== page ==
Lin-Manuel is a rapper.  He can spit bars with the best of them.  His monologue on SNL proved that.  He flowed effortlessly and he had some great punchlines.

But Lin-Manuel isn’t known as a rapper.  He’s known as a playwright for creating Hamilton.

What if he had thought that the only way he could share his talent was by making a single to get played on commercial radio.

What if he thought he was only a rapper if he made a mixtape or an album?

With all of his success it sounds silly, but we often look at talent with a narrow viewpoint.

The thing is, the rules have changed.

A few weeks ago I got a gig that I would never have expected.  I was doing voice over for a childrens  cartoon.  I played the role of a rapping dog.  Back when I started rapping out twenty-plus years ago this would be the furthest thing from my mind, but it was fun.  It worked.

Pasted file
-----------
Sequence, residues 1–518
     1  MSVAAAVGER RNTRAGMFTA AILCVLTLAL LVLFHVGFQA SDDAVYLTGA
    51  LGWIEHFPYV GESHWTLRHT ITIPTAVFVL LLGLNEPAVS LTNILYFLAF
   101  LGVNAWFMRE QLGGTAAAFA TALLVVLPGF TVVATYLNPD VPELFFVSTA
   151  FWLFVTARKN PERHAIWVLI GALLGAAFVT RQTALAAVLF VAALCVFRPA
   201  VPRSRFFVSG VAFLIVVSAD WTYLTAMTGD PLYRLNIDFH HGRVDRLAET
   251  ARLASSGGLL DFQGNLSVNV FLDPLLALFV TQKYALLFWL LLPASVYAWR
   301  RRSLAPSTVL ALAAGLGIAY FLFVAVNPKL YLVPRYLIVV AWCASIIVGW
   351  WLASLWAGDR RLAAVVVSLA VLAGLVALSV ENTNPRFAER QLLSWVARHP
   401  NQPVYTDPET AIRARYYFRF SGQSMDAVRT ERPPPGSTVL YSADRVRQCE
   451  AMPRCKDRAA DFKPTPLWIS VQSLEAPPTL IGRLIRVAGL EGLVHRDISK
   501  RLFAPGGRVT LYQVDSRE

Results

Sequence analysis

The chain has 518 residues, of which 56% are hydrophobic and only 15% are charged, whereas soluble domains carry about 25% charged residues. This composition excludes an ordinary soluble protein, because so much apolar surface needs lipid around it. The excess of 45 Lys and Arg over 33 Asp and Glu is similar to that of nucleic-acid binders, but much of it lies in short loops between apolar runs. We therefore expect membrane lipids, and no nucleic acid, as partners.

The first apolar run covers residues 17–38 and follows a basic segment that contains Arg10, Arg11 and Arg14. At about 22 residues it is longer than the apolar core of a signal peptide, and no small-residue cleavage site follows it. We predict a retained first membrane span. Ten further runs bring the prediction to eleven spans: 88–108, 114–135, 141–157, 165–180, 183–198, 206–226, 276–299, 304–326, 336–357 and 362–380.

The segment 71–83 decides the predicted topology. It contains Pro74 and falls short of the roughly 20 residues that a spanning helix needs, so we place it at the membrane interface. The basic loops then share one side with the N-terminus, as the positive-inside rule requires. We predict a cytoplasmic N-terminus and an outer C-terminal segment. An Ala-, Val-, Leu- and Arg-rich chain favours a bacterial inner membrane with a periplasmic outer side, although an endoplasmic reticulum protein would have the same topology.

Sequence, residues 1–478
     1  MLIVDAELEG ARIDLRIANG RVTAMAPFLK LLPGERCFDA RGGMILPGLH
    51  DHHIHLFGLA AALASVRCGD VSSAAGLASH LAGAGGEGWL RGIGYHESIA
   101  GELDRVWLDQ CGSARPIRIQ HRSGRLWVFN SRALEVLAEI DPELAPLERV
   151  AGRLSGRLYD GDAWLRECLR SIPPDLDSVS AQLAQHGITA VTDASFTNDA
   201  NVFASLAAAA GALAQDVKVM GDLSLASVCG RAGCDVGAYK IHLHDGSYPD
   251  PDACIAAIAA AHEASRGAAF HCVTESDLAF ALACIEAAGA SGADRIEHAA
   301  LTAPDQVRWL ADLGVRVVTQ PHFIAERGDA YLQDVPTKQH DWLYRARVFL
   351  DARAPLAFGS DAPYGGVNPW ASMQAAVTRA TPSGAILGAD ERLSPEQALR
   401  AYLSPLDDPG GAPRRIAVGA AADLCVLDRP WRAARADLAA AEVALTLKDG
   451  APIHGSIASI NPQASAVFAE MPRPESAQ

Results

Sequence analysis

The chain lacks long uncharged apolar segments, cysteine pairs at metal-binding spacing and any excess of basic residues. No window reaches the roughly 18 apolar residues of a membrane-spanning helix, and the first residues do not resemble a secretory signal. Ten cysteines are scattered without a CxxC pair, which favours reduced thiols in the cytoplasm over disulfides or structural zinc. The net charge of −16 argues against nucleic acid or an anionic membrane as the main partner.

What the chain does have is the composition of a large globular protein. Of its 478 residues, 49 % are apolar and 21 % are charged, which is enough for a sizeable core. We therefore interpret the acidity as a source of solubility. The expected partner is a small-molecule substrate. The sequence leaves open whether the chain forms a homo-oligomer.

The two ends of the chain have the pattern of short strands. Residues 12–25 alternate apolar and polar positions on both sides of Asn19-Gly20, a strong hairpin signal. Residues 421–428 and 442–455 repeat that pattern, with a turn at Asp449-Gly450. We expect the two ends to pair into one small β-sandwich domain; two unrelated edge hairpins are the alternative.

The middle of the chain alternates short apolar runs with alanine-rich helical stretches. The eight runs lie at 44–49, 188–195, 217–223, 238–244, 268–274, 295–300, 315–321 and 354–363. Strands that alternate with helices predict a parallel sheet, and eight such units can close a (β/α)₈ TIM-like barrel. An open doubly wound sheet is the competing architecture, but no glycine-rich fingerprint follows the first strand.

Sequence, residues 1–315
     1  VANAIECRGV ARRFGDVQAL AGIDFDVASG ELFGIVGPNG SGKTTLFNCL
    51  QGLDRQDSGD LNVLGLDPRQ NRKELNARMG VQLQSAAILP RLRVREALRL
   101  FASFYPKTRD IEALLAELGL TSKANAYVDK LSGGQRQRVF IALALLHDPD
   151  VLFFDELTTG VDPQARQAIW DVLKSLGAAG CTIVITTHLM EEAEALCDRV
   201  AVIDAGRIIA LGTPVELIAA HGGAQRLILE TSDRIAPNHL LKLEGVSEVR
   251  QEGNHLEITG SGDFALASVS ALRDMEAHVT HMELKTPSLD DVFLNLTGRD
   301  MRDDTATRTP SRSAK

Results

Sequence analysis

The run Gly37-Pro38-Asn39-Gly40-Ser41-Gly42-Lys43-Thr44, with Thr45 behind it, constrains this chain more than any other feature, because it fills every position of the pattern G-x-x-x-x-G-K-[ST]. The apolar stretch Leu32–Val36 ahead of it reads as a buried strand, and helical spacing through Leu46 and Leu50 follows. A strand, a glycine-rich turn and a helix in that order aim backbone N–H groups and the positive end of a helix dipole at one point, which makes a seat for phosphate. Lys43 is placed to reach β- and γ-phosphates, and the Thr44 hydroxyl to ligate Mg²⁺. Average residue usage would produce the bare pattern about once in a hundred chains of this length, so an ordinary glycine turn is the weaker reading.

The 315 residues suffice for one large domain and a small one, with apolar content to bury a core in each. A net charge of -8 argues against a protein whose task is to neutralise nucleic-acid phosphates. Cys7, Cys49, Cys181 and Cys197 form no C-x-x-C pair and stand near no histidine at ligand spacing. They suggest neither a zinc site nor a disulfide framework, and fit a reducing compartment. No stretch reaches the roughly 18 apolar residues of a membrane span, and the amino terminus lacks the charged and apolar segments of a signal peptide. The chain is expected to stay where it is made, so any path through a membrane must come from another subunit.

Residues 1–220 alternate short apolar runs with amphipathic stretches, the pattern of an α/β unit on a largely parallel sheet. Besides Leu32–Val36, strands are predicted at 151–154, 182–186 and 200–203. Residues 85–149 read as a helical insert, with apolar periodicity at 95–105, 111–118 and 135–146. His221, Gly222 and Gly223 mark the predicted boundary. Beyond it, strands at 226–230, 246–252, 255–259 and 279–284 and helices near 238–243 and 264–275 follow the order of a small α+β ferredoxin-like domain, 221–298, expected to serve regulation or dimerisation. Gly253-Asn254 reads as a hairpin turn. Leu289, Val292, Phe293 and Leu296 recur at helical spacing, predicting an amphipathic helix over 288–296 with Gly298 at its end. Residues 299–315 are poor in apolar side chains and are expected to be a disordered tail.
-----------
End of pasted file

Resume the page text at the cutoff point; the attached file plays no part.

Sometimes you have to think out of the box…

Or sometimes you just need to try new things until you stumble on the right one.

 

 

No One Knows Who You Are

Had a good talk with my friend Maestro Fresh Wes recently.  As a Canadian Hip-Hop pioneer and legend, its great to be able to call him a mentor.

We were talking about his latest music video.  It had been getting great response.  It even landed on Worldstar.  But it was something that he said that stuck with me.

“No one knows who you are.”

He wasn’t talking about me – and how could he be talking about himself – Everyone knows who Maestro is in Canada.  Instead, he was talking about his outlook on the music business.

For me, Maestro was well known.  I’d listened to his music for the last twenty five years.  But as a veteran in an industry where attention spans are short and careers even shorter, Maestro knows he can’t just rely on his past success.

Sometimes you have to keep at it.  Keep creating and keep releasing.  Some people will pay attention, some won’t.  It will be new for some, others may not even notice.

But you never know what might stick.

 

 

 

omething he said stuck with